Work Zones Dangerous To Drivers

Road Under Construction, Accident, Traffic, Cars, Car
Highway construction-zone crashes are killing more people, and it's most likely drivers and passengers rather than road workers who die, according to a coalition that's urging motorists to slow down in work zones.

Eighty percent of the 1,079 people killed in construction-zone crashes in 2001 were drivers or passengers, the American Association of State Highway and Transportation Officials said Tuesday. Work-zone crashes killed 150 road workers and injured 40,000 workers, drivers and passengers.

Highway safety groups were setting up 1,079 orange highway cones in downtown Washington on Tuesday to commemorate National Work Zone Awareness Week.

John Horley, the executive director of the transportation officials group, said many drivers assume construction workers are the ones who die or get hurt in work-zone crashes. He hopes the statistic will convince drivers to pay more attention and slow down when road work is being done.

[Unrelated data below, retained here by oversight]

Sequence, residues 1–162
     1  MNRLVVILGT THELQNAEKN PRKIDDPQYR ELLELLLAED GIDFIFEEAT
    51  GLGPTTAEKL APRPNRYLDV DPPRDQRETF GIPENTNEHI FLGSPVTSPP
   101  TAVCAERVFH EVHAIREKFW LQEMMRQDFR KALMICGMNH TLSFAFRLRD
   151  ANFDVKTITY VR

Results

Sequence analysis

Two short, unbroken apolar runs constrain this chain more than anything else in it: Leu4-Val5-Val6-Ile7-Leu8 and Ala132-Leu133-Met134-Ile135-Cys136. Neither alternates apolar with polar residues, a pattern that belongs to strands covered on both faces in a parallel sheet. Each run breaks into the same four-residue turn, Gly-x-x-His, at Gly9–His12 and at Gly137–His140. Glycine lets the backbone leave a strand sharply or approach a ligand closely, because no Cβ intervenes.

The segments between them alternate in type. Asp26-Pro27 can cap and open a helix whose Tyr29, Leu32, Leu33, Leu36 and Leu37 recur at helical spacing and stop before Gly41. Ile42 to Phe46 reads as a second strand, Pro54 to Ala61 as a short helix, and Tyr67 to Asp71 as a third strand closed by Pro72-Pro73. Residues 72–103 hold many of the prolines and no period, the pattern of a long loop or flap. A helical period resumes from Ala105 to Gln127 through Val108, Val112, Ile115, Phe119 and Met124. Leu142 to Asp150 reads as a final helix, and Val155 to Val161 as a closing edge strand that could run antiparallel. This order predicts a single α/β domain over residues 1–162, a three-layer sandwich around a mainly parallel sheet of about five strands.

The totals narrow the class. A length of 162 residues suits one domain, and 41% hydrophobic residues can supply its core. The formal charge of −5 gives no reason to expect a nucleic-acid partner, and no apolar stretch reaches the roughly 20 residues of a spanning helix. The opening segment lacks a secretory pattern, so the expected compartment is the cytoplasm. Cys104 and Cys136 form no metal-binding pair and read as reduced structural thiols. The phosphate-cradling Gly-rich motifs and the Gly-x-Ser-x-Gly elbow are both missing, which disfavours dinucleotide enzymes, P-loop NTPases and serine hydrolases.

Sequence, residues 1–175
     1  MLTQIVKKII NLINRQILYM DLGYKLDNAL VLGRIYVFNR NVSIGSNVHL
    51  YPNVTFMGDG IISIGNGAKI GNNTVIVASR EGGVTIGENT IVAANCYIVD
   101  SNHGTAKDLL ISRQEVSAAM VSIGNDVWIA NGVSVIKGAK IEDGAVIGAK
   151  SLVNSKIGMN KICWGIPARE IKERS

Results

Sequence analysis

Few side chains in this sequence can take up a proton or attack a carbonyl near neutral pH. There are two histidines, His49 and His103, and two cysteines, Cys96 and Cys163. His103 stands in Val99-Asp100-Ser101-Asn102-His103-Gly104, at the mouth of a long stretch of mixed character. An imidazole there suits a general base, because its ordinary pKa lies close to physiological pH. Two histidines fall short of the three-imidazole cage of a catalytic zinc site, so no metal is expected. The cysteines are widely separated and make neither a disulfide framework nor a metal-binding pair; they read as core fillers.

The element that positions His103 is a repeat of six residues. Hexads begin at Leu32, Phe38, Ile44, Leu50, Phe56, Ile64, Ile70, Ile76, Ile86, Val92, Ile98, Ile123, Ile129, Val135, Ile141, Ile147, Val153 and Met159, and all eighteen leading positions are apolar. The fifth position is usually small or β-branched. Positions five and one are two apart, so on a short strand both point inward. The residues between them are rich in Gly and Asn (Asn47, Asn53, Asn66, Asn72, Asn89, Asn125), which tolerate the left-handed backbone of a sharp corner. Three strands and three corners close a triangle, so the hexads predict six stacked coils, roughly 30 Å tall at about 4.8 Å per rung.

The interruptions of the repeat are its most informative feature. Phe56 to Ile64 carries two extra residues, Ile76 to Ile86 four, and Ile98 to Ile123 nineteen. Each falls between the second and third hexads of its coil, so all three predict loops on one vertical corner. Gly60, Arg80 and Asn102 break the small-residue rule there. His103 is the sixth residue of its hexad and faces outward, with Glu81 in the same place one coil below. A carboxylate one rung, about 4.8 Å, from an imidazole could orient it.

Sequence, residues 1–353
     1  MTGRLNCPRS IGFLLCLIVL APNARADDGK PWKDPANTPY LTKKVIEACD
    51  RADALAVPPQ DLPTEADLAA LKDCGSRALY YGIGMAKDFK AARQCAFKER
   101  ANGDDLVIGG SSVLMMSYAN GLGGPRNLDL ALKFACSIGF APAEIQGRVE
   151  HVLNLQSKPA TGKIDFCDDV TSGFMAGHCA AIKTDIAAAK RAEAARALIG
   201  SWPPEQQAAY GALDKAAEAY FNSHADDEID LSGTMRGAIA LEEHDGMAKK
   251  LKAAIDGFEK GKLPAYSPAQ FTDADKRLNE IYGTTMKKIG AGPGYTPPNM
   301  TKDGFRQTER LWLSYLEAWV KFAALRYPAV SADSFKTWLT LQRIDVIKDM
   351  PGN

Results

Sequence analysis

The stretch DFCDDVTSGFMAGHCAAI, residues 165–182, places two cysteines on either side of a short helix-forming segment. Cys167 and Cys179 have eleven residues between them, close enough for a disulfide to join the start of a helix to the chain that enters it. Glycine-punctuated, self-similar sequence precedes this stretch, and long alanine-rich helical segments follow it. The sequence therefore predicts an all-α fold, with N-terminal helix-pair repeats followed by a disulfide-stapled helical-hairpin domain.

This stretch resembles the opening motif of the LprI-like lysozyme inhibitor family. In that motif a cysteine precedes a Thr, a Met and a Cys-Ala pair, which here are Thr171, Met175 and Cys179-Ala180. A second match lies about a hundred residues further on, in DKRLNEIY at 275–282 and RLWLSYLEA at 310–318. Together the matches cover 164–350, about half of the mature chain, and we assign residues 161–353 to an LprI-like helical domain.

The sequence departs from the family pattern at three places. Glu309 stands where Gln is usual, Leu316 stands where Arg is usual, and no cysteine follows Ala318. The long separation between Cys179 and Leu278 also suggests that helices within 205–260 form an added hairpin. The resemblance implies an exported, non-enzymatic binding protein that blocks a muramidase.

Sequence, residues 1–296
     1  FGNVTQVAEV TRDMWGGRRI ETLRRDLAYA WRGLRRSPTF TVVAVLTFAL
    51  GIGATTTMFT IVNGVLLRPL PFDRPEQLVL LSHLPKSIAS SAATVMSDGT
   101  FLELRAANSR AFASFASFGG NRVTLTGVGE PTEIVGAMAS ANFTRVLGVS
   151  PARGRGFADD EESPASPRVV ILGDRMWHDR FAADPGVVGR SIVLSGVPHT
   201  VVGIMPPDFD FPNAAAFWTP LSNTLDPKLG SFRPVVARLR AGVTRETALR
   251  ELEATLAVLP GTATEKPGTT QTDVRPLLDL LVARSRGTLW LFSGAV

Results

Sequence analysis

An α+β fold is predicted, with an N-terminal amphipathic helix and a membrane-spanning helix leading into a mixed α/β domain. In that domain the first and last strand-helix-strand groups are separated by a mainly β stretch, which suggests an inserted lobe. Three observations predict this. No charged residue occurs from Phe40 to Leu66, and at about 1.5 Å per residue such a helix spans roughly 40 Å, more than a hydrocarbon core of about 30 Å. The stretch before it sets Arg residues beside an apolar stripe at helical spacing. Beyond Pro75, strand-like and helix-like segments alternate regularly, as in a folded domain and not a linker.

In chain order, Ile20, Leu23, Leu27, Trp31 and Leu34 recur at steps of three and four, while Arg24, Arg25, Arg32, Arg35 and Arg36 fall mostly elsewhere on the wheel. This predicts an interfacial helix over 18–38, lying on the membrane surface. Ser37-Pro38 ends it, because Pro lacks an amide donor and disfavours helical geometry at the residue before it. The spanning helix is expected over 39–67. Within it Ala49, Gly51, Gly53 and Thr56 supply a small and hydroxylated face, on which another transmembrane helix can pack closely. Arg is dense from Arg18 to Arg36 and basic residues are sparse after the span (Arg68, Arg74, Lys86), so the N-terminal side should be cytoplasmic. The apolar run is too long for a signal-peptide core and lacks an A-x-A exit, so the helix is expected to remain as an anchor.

"You've got a dog in this fight, folks," Horley said, according to remarks prepared before Tuesday's event. "Start driving as if you know it, because staying alive is not guaranteed."

Construction-zone crash fatalities are on the rise, according to data from the Transportation Department. There were 1,026 deaths in 2000 and 872 in 1999. The 2001 level is a 55 percent increase from the 1997 level of 693, according to Federal Highway Administrator Mary Peters.

Peters said rear-end crashes are the most common type of work-zone crash, and drivers make up the highest percent of fatalities.

Peters said she supports total road closure in work-zones whenever appropriate. She also promotes the use of long-lasting pavement to decrease the need for repairs and encourages states to let motorists know where work zones are so they can avoid them.

By Dee-Ann Durbin